Taking a moment to listen to the valuable lessons of history
In the July issue, we published an article on page 14 regarding the old smokestack by Fort Road. The article mistakenly stated it was the old Gainers meat packing site, but it is in fact the Canada Packers meat packing plant. The strike itself took place at the Gainers site.
Thank you to all the readers who contacted us regarding this error. We will be revising the article and publishing it in a later issue, likely online.
In 2015, my partner and I moved to Edmonton and settled in Eastwood. Getting to know our new community, I would often take our dog to the path that runs along the LRT tracks. Northeast from Coliseum Station, once you pass under Wayne Gretzky Drive and over the Yellowhead, you’ll come to ETS’ new Kathleen Andrews Transit Garage. Seven hundred people will work there.
When we first walked around the 13-acre site, before construction of the garage began, the place was a ruin and had been since the end of the last century. Piles of dirt and jumbles of broken concrete, metal joists, old wiring, plumbing, and the shattered remains of foundations with stairs that led nowhere made for a landscape evocative of a war zone. Or perhaps like the remnants of an ancient civilization.
Rising from the rubble, incongruously intact, a massive terra cotta chimney was home to roosting pigeons. It was all that remained of the Gainers plant, the former industrial heart of Packingtown. Once one of Edmonton’s working class districts, Packingtown was where thousands of workers and their families lived near their jobs, in houses where many of us today now live.
This end of town was home to the second largest meat packing industry in North America, next to Chicago’s Union Stock Yards. The area once thrived on account of the trade it generated, but because cheaper labour could be had in the United States, it stopped being a meat packing centre in the 1980s and Packingtown was in decline.
In 1986, the owner of the Gainers plant decided the business wasn’t profitable enough. That year when the workers’ union contract came up for negotiation and they sought pay equity, the owner of the plant, Peter Pocklington, dug in his heels. Pocklington owned the Edmonton Oilers too, so they considered it an insult that he could afford to pay a million dollar salary for one hockey player but not give the meat packers a raise. The workers didn’t give a wick about the profits. There was a lot more than someone else’s dividends at stake for them, so they made a stand and went on strike.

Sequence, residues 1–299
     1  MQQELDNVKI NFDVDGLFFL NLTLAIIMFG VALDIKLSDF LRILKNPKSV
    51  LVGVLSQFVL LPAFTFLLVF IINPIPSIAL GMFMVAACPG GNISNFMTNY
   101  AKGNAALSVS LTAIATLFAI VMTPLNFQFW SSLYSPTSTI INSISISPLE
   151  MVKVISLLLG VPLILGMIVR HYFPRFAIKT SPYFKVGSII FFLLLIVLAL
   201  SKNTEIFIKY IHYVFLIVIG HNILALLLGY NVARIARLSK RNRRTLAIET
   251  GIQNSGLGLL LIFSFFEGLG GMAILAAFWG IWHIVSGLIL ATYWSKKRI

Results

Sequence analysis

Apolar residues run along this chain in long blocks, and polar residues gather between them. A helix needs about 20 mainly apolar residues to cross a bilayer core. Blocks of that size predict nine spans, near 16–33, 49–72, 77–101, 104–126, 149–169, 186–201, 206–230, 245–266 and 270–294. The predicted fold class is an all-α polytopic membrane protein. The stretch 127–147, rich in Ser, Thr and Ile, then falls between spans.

Given the times, strikes were not unusual. They were breaking out across the province. The economy had tanked that year as the booming oil industry busted, so even oil workers were on the lines in places like Fort McMurray. But the bitterest struggle happened in Packingtown and the strike lasted six-and-a-half months.
Pocklington refused to negotiate and hired replacement workers instead. He tried to break the strike by bussing them in. This outraged the workers, and so the buses were armoured when chunks of pavement began to fly.
The Edmonton Police Service were deployed. The resistance of the workers was so intense that the city was close to calling in the army. Instead, they used court orders to limit the number of strikers allowed on the line. Arrests were made and police tactics were enough to divert the struggle away from the picket line. A national boycott of Gainers products and a mass protest of 6,000 people on June 12 at the legislature followed.
Enough pressure, between the pickets, protests, and the boycott, was brought to bear that the premier got involved and a contract offer eventually appeared on the table. It was nowhere near the workers’ original demands. After a two year wage freeze, the third year would only bring a small raise, but the workers would keep their jobs.
They had been pushed to their limit; six months is a long time to be living on strike pay. Circumstances compelled them to take far less than what they had struck for in the first place, but they bought themselves time. The plant would stay in business for another 10 years.
Quoted in 2011 as to what he wished he could have done differently in 1986, Pocklington said he wished he’d closed the plant. The only thing that stood in his way back then were the unionized workers demonstrating for us how resistance is anything but futile.
Pocklington eventually got out of the meat packing business. In 1988, the Conservative government handed him enough cash to cover the wage increase and more. After accepting the $61 million, Pocklington sold the plant and walked away. By 1997, after being sold again, this time to Maple Leaf Foods, the plant was shut down despite another strike. It was demolished in 1998. The site would be a wasteland for nearly two decades afterwards.
The new ETS garage is a welcome sight on the lot. While Packingtown is history, the old struggle between the priorities of capital and those of the working class is not.
The smokestack is no cenotaph. Its testament should not mourn the passing of an era. History has more than moribund sentimentality for us, if we choose to listen to what it has to say. As the last remnant of Packingtown preserved for posterity, it is no longer symbolic of ruins. Standing over a new plant, of sorts, it is a memorial to resistance. The smokestack ought to be seen as a reminder of the workers who fought to save their plant and their community, not the hubris of the wealthy few whose priorities meant its destruction.
Featured Image: The smokestack of the Gainers plant is an important part of our history. | Kevin Bell